This is an excerpt from Hockey Plays and Strategies-2nd Edition by Mike Johnston & Ryan Walter.
This system is the opposite of the midlane backcheck. The first forward hounds the puck (backchecks toward the player with the puck) as hard as he can, and if a pass is made, the forward continues to pressure the puck (figure 8.12). The forwards limit the time and space for the opposing players as they move through the neutral zone, and the defensemen hold inside position, protecting the space between the dots. Coaches who like this system generally have a pressure philosophy and want to deny time and space in all areas of the ice.
Figure 8.12 Hounding the puck in the neutral zone backcheck.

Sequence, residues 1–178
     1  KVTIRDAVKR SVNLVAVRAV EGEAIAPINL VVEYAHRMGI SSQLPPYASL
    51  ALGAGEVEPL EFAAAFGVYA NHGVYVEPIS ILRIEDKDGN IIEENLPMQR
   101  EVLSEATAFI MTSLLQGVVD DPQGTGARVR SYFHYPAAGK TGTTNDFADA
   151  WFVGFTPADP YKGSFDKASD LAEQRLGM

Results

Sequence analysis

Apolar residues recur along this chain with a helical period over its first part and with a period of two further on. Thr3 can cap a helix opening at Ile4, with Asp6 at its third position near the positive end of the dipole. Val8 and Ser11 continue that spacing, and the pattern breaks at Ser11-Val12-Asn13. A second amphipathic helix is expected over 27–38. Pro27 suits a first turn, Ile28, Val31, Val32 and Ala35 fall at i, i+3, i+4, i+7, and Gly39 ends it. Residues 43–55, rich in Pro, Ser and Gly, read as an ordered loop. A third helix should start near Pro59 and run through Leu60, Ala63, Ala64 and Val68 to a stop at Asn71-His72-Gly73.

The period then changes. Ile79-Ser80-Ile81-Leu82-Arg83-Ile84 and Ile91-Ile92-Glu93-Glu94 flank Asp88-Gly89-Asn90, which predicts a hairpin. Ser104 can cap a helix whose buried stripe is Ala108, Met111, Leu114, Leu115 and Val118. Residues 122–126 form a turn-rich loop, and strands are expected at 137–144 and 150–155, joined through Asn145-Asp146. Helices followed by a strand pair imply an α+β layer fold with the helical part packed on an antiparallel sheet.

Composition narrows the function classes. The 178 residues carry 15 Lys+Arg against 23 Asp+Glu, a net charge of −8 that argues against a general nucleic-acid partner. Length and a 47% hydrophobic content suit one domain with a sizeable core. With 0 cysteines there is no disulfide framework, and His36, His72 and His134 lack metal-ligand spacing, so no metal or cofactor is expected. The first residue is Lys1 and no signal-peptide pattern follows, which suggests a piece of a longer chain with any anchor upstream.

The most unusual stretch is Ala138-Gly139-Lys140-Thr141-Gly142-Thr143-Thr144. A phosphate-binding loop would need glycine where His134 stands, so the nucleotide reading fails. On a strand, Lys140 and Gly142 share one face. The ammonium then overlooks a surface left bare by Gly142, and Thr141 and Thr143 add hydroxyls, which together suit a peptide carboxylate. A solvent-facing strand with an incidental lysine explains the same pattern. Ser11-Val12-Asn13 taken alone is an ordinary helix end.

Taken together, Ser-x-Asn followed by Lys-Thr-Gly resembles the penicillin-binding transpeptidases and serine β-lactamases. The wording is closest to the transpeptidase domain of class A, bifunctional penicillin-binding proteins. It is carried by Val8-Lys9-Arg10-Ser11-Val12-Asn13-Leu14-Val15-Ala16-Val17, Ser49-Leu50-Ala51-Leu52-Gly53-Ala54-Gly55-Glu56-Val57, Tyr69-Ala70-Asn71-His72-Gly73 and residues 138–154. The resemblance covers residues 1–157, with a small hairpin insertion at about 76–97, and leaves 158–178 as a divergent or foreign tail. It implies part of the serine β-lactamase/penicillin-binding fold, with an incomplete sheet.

The advantage of this system is that the opposition is always under pressure through the neutral zone. The puck carrier will have trouble making plays if the backchecking forwards are quick and work hard. In addition, the inside positioning of the defense prevents mid-ice passes. The disadvantage is that at times the backchecking forwards and the defense become confused about what to do if the forwards cannot catch the opposition by the blue line or confront the pass quickly enough. A team must develop rules for these two scenarios to eliminate confusion when they occur. One rule involves having the forward hound the puck until the red line; if the forward is not then even with the puck carrier, the defense takes over and the forward picks up a lane or wide player.